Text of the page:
WASHINGTON – U.S. Forest Service Chief Randy Moore released a statement on May 20 initiating a pause on all prescribed fire operations on National Forest System lands due to extreme wildfire risk conditions.
The Forest Service will be conducting a 90-day review of protocols, decision support tools and practices ahead of planned operations this fall.
“Our primary goal in engaging prescribed fires and wildfires is to ensure the safety of the communities involved,” Moore wrote. “… The communities we serve, and our employees deserve the very best tools and science supporting them as we continue to navigate toward reducing the risk of severe wildfires in the future.”
Prescribed fires go as planned in 99.84 percent of cases, according to the statement, with very few cases turning into wildfires.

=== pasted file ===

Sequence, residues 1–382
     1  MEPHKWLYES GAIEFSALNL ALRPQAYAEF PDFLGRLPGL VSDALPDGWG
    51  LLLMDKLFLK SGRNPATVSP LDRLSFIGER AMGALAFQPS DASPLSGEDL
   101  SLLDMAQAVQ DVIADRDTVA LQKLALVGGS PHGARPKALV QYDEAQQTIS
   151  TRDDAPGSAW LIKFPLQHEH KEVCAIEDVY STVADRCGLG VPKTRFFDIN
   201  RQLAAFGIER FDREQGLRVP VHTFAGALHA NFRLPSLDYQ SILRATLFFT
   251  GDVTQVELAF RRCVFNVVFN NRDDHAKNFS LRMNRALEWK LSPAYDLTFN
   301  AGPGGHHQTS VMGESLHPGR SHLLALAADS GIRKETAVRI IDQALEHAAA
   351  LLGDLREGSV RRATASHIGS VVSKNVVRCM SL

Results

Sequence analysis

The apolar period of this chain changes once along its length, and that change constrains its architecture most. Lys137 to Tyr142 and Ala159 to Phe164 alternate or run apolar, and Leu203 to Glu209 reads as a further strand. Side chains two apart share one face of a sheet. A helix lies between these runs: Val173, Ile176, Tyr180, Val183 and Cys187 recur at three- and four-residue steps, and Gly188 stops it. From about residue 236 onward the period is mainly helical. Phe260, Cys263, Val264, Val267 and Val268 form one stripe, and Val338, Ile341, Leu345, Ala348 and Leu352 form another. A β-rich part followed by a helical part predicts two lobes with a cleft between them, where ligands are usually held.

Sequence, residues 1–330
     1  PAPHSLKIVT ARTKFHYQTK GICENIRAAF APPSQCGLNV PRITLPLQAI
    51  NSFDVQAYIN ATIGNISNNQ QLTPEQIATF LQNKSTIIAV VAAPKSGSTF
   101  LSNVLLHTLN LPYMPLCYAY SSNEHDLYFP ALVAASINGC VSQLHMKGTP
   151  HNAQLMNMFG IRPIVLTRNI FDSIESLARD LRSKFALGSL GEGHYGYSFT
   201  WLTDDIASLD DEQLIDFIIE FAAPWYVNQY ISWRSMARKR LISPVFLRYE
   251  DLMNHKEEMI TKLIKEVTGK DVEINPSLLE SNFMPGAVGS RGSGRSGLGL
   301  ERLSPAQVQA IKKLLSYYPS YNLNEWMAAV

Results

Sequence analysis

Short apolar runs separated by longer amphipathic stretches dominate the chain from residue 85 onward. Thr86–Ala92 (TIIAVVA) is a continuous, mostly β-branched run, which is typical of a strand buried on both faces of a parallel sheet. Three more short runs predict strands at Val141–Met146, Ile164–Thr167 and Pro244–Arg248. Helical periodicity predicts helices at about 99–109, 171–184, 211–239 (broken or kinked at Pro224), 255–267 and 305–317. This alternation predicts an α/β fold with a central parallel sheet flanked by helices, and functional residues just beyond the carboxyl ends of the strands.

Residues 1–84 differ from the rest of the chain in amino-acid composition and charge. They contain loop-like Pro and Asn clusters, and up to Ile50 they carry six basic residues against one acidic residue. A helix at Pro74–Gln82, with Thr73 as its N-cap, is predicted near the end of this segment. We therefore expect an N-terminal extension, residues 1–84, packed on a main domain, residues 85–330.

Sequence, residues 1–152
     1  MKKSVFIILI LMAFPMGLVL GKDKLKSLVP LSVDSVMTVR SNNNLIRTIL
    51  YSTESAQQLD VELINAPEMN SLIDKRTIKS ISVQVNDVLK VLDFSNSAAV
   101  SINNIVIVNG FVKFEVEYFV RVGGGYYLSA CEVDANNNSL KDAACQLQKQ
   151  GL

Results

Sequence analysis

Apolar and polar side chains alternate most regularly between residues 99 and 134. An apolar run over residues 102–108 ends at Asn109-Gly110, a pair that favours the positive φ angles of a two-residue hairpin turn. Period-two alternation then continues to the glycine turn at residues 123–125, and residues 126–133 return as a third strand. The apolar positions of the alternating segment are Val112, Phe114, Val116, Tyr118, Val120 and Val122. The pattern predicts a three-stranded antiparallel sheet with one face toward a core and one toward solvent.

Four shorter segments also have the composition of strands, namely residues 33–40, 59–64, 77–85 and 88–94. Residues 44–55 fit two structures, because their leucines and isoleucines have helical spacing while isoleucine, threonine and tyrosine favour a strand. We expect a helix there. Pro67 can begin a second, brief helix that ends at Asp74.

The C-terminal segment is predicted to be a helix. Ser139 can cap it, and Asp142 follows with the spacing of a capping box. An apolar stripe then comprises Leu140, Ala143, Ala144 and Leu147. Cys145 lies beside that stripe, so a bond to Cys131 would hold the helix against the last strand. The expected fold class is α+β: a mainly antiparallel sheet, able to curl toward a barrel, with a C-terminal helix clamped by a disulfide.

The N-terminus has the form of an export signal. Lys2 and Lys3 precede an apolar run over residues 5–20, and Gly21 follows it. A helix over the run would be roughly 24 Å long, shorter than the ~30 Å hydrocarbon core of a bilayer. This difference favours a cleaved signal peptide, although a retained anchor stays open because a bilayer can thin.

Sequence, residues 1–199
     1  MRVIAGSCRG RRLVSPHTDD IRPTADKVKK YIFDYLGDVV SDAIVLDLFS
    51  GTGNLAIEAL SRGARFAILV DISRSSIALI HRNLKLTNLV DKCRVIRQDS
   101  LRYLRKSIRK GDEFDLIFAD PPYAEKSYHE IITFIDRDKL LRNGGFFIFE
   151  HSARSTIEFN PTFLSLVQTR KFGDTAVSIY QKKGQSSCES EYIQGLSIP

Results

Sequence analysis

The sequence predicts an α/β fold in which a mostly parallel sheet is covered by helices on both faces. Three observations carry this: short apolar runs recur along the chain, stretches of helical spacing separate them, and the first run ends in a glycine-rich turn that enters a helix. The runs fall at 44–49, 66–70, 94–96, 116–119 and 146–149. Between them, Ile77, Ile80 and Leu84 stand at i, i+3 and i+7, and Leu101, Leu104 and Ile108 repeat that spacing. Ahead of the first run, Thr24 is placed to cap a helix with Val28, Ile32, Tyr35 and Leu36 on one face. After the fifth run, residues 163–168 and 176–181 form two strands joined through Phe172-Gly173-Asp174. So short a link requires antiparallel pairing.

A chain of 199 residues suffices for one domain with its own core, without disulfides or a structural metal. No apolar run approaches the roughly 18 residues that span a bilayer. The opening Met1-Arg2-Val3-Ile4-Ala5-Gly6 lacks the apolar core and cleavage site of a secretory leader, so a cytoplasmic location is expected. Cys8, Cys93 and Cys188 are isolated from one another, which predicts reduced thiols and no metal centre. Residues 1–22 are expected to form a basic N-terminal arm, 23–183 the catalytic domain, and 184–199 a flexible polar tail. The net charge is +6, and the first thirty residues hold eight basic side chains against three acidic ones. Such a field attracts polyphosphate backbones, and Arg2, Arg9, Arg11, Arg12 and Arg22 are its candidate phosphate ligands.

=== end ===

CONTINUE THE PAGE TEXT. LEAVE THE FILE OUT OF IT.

In Custer Gallatin National Forest, prescribed pile burnings were in the preparation process for the Bozeman Ranger District at the Leverich drainage and along Moser Jump-Off Road and Fairy Creek; broadcast burnings were in preparation above Langohr Campground and near Porcupine Cabin near Big Sky; and pile burning areas in the Hebgen Lake Ranger District were in preparation along Denny Creek Road and the Hebgen Flats Area, according to a May 15 press release from Gallatin Custer National Forest.
“The pause I am announcing today will have minimal impact on these objectives in the short- and long-term since the agency conducts more than 90 percent of its prescribed burn operations between September and May,” Moore said.